Three Poems | by Patti Jeane Pangborn

Wild Flowers of America

Notes on Herbal Remedies


Muddy the waters of your faith,

crush the petals, make a paste.

Apply liberally to scratches and bruises.


             The ghostflower feeds on the bodies

of those decaying around it.

Sing to the Azan flower?


             Children should be warned,

they are not who they are.


             Use the roots of the white baneberry

to rally the dead, black snakeroot

to expel the dance of St. Vitus from

the little girls with mouths like

bags of worms.



Manton Church Camp, Summer 1994

I saw two beings walking towards me in a field. I was sitting up in my bed in the loft of my grandma’s cabin, staring out the small window to the open field. They made jerking movements as they walked and the air around them was vibrating, like they did not have a solid form. Their movements were slow and slightly out of sync, like the frequency they existed on was not stable and was fading in and out. As I stared out the window of the loft in the cabin, I tried to make the things familiar.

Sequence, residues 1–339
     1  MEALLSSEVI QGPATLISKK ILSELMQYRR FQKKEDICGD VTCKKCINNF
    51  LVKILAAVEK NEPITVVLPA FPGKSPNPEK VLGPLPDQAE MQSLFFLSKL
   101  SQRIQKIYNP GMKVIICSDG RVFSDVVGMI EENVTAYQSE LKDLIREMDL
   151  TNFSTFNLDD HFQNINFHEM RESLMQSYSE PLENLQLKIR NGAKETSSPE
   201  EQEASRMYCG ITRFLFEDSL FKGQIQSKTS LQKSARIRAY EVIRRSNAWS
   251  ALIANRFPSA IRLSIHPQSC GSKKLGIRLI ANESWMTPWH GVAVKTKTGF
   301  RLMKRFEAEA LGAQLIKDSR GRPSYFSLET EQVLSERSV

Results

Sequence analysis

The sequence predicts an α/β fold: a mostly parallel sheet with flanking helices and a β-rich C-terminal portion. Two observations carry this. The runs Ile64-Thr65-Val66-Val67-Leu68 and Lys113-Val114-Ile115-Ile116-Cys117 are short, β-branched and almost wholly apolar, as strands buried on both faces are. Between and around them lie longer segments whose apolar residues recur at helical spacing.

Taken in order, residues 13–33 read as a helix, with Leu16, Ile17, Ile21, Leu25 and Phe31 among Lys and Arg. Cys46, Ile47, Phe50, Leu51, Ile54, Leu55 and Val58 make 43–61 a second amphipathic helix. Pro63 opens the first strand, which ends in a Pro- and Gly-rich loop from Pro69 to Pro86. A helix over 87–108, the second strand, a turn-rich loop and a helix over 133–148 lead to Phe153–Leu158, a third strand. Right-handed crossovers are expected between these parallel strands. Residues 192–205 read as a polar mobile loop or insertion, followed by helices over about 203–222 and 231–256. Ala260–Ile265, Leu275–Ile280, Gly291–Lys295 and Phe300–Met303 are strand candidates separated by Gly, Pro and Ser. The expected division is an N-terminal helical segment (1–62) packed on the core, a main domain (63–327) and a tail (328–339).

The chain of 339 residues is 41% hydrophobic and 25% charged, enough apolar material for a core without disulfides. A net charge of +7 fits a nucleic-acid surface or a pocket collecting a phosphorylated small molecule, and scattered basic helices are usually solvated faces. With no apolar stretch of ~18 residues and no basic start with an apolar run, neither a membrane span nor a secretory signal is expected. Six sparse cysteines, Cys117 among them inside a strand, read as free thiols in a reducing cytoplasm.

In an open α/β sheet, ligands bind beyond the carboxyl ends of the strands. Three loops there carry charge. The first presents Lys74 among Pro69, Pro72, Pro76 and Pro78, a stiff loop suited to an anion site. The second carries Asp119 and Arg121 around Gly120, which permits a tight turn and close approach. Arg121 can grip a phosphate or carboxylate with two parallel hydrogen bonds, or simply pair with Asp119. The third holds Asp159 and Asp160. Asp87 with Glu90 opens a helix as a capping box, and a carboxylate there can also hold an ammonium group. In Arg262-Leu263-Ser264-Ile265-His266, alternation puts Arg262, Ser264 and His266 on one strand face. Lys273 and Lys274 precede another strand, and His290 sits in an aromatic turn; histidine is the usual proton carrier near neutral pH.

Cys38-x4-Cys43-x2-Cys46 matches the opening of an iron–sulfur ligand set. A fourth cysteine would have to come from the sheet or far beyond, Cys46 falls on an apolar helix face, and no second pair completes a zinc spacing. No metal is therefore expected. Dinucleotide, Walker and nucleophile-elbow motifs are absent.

Is it a Prophecy

the Queen-Moon


is it the Blood Moon
                                                                            I saw no fairies last night
                                                                            only a black disk vibrating

                                                                                                                    in full eclipse




Patti Jeane Pangborn is a PhD student at the University of Louisiana at Lafayette, studying English with a concentration in Creative Writing. She holds an MFA in poetry from Columbia College Chicago. Her poems have appeared in Columbia Poetry Review issue 27 and Shadowgraph Quarterly. She is originally from Michigan. 


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